September 8th, 2014 11:07 PM by Landa Pennington
The problem is that it is expensive and a homeowner’s goal should be to eliminate it as soon as possible to lower their monthly payment and avoid putting good money down the drain.
FHA loans made after 6/1/13 that have 90% or higher loan-to-value at time of purchase have mortgage insurance premium for the life of the loan. FHA loans made prior to 6/1/13, can have the MIP removed after five years and if the unpaid balance is 78% or less than the original loan-to-value.
VA loans do not require mortgage insurance.
Conventional loans, in most cases, with higher than 80% loan-to-value require mortgage insurance. The cost of that insurance varies but with a $250,000 mortgage, it could easily be between $100 and $200 a month.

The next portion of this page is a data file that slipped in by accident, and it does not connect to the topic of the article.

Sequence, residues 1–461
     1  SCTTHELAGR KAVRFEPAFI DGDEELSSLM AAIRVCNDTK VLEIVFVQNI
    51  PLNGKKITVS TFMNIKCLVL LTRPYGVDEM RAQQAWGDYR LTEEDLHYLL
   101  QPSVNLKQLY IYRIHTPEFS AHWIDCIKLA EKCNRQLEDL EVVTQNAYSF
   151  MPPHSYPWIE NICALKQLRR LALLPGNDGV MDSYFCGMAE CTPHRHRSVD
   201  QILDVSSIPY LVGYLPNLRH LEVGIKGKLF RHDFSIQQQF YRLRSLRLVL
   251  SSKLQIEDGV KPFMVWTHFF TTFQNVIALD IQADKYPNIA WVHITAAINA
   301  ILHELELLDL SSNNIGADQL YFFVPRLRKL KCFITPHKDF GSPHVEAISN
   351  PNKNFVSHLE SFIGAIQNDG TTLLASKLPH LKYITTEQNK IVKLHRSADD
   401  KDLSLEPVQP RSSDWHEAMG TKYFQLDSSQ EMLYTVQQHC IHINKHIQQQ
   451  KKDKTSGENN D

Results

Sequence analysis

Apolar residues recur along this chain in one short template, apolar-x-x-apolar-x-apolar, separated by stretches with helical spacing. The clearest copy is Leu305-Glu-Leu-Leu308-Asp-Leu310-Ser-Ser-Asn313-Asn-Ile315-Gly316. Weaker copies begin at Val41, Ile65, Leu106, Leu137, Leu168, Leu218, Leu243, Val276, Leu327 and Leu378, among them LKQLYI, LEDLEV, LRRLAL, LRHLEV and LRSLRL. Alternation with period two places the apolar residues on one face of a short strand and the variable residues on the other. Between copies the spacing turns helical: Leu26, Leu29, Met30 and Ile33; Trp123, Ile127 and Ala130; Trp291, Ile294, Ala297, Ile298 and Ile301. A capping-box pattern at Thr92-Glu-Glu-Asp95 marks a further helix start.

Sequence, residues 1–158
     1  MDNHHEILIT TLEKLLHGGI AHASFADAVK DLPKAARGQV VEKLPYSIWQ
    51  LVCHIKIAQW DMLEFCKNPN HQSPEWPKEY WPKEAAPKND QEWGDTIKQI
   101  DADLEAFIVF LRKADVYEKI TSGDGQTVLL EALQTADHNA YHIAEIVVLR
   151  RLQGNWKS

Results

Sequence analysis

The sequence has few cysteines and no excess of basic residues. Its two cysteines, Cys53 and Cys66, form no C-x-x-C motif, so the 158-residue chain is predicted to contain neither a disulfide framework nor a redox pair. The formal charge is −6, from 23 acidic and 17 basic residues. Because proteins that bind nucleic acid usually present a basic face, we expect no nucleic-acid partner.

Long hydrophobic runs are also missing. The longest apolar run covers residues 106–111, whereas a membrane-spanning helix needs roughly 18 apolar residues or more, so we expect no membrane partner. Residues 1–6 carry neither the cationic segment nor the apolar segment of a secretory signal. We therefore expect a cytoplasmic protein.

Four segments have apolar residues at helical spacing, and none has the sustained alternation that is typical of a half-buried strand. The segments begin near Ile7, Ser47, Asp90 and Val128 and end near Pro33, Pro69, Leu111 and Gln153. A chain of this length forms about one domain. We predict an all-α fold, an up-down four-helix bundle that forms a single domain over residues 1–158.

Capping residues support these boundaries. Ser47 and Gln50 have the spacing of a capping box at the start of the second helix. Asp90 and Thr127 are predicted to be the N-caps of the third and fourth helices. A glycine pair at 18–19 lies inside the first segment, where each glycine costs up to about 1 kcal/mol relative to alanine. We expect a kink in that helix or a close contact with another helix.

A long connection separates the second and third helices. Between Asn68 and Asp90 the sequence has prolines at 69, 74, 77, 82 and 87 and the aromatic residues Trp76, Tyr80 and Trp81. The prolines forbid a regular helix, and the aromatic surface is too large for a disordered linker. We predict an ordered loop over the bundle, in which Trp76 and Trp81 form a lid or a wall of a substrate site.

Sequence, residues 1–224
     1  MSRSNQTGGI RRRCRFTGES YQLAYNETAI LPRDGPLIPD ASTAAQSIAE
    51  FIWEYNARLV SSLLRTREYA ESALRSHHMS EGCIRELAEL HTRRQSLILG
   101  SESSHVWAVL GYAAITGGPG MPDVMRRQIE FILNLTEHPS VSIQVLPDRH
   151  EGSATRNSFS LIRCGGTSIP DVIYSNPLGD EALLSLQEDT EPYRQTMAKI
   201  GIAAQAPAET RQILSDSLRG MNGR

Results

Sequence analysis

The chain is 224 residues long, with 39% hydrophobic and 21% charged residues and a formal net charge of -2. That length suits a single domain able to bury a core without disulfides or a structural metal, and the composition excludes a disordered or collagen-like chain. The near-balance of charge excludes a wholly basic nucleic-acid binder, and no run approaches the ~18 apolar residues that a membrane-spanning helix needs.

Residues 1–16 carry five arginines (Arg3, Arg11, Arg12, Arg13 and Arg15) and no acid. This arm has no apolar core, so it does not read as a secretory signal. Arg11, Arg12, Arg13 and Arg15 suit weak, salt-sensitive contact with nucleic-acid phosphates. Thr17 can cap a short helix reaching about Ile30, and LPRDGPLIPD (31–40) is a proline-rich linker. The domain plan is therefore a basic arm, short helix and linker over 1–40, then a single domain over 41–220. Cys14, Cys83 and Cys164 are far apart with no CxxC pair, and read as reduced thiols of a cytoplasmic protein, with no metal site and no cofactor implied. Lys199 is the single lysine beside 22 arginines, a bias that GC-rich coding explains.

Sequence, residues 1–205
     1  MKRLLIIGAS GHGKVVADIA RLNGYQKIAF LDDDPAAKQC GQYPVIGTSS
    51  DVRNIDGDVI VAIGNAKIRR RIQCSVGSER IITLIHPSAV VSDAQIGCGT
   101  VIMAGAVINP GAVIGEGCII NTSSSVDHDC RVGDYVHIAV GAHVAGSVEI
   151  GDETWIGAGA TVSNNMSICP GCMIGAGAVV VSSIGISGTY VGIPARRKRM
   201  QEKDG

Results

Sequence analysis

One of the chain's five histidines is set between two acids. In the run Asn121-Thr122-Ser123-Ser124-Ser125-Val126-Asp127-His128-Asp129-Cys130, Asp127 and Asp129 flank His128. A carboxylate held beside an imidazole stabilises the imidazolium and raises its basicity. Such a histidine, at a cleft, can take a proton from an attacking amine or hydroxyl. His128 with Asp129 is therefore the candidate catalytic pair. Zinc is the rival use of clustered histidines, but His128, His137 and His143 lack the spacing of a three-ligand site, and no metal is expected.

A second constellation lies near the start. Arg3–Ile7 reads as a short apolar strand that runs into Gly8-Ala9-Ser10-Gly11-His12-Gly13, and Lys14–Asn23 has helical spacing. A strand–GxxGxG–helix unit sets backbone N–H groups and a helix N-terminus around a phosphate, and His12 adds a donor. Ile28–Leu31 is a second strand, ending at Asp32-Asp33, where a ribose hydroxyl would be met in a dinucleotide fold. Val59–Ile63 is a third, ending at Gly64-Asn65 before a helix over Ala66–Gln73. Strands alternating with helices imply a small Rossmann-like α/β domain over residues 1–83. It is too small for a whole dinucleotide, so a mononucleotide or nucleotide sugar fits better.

Your monthly mortgage statement should itemize what your monthly fee is for the mortgage insurance. Unlike interest that is deductible, most homeowners are not able to deduct mortgage insurance premiums.
If you plan to remain in the home or to stay there for a considerable number of years, the solution may be to refinance the home. If the home has increased since it was purchased, the loan-to-value at its new appraised value may not require PMI. You might even be fortunate enough to obtain a lower rate than you currently have.